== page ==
The DuSable Museum of African-American History is the oldest major museum related to African-American legacy. Founded by Margaret Taylor in 1961, the museum runs on a self-governing model with focus on collection, interpretation and achievement of African-American history. Its location in Chicago provides it an edge over other museums entailing artifacts related to this subject as Chicago was one of the prime cities where the major migration of African-American migration took place. Therefore, the city has African-American blood and heritage in its roots. This is the reason why the organization receives donations from local communities which ranges from single artifact to entire collection. The Diaspora of black people and the regions that black communities were related to, is well-reflected by the collection of Artifacts provided by local African-American communities. Its extensive collection of African-American heritage gives it a status of connoisseurship in its own way (William, 1988).
Its earliest name was the Ebony Museum of Negro History and Art which was later on changed into Museum of Negro History and Art. This museum was the result of efforts made by the team of Dr. Margaret along with her husband and the team of artists and educators having an interracial background. The earliest location of this museum was Burroughs's own residence. In 1968, the museum was given its present name after the pioneer Jean Baptiste Pointe DuSable who himself was the first American with non-native background, to settle in Chicago. Due to the increasing contribution made by the local community, the museum soon needed more space for expansion. It was in 1970, when the Chicago Park District provides a space for further expansion. The current location of this museum is now, Washington Park at 740 East 56th Place which has a historic stature itself (DuSable Museum, 2008). Three years after getting the space, the museum moved into its new facility. This change of location made it a prominent member of the consortium of Chicago museums. Since it was the only museum of its kind reflecting African-American major migration movement and culture, heritage and history, the museum soon became the focal point for the local African-American community as well as African-American residing in other cities. During this time, the museum gained national fame and became the joining node between the African-American communities in various locations. The national prominence of DuSable made the communities in other cities form replicas of this museum which are now located in Boston, Detroit, Philadelphia and Los Angeles (Dickerson, 2005).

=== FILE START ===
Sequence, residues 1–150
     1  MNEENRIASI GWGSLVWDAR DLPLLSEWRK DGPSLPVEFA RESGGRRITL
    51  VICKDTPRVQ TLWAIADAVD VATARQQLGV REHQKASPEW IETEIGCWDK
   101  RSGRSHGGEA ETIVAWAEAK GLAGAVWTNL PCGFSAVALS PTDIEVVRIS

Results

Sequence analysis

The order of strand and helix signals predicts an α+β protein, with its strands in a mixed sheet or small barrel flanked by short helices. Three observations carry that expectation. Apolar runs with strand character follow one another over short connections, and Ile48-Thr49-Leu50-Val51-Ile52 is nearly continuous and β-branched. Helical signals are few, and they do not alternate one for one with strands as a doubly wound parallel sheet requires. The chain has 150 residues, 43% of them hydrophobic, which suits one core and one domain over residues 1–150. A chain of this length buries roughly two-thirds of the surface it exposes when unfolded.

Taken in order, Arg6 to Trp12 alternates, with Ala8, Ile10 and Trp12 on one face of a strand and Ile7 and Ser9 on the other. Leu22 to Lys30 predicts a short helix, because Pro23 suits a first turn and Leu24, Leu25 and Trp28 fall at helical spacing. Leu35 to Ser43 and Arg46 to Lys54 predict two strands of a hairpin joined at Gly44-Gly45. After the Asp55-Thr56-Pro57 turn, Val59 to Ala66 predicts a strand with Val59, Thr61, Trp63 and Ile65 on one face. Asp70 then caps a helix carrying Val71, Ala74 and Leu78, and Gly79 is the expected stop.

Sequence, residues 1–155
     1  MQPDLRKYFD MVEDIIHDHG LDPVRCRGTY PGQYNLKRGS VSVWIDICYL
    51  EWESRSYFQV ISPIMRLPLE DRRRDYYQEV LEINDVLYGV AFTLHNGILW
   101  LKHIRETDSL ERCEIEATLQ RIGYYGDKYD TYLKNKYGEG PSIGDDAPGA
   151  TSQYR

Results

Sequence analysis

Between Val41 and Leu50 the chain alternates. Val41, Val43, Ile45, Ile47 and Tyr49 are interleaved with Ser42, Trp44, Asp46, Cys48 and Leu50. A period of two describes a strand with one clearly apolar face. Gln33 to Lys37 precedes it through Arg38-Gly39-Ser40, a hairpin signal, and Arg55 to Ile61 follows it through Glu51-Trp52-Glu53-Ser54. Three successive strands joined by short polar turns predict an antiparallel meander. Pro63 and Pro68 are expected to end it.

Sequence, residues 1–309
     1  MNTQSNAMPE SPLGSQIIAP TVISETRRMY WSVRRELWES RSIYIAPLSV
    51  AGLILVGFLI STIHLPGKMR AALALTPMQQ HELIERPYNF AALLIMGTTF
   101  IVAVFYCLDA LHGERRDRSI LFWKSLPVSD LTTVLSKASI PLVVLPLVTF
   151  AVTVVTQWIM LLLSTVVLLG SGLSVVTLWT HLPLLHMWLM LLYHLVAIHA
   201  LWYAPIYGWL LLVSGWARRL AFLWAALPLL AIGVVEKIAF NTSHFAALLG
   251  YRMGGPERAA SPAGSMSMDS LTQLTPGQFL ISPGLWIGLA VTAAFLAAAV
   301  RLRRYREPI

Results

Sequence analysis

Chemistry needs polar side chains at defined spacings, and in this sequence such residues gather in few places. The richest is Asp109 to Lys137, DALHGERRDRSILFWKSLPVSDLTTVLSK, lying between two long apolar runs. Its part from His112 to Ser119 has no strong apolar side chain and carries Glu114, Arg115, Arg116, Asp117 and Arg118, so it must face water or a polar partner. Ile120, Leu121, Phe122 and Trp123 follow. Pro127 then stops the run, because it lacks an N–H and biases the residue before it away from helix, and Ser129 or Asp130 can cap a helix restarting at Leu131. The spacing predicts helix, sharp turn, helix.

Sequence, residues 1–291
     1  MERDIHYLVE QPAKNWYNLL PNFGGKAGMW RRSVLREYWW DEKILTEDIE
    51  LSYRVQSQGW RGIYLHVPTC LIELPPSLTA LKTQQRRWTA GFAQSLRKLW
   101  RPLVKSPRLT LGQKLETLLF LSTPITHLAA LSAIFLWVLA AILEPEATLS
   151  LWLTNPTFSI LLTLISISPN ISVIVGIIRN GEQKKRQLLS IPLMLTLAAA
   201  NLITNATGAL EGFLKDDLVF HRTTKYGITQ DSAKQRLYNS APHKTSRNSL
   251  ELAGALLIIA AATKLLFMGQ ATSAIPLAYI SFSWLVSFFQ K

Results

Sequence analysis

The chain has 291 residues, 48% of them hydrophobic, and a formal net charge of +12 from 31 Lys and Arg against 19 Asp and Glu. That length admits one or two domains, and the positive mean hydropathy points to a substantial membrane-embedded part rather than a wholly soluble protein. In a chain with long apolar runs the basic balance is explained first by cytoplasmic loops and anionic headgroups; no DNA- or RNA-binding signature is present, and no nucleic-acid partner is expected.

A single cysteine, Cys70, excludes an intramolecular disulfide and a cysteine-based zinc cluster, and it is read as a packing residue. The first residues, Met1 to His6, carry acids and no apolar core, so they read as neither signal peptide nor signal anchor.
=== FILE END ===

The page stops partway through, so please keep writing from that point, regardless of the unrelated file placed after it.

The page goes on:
It was the further donations of artifacts by the African-American community which made this museum expand to the extent that it required further space which resulted in an addition of 28,000 sq. ft into its actual area covered in 1993. The new museum not only had more new galleries but also had a spacious auditorium capable of accommodating 450 visitors. In 2004, the museum expanded again and this time the expansion was in the form of acquiring new historic building, the former roundhouse and stables designed and built in 1880 for Washington Park by the architects Daniel H. Burnham and John W. Root, located just south of the museum across 57th Street. This expansion made it the largest museum in United States.
During the visits, one can find a large and diversified collection of archived publication and other written material, historic literature, artifacts, photographs of the evolutionary era and other models of fine arts. This huge art collection allows the visitors to have a look at African-American culture and heritage, the major migration (Diaspora) and other historic events related to the same subject, all under one roof. Furthermore, the museum has kept its major focus on maintaining historical traces of the period starting from mid-nineteenth century till present. The historic drawings and paintings of Dox Thrash, graphical representation Henry J. Lewis, paintings by the renowned artists like Henry O. Tanner, Clementine Hunter, William H. Johnson, Charles Sebree, James A. Porter and Emilio Cruz, sculptures made by William E. Artis, Richmond Barthe, Elizabeth Catlett and Augusta Savage, and Chicago artist Richard Hunt, are some of the renowned assets of the museum.
Other than the work of major artists, the large collection…